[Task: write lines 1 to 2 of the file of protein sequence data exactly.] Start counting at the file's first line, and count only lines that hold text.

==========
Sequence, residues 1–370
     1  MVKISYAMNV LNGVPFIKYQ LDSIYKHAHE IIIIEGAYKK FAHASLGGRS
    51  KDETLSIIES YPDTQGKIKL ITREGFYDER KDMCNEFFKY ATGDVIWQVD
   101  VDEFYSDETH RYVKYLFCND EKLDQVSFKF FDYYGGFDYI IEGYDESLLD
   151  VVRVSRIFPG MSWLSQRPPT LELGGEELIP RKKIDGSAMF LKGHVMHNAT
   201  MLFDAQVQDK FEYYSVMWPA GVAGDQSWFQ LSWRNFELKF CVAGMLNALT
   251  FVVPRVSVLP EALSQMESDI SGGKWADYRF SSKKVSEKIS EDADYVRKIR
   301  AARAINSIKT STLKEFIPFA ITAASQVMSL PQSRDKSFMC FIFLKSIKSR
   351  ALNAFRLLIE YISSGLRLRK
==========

Sequence, residues 1–370
     1  MVKISYAMNV LNGVPFIKYQ LDSIYKHAHE IIIIEGAYKK FAHASLGGRS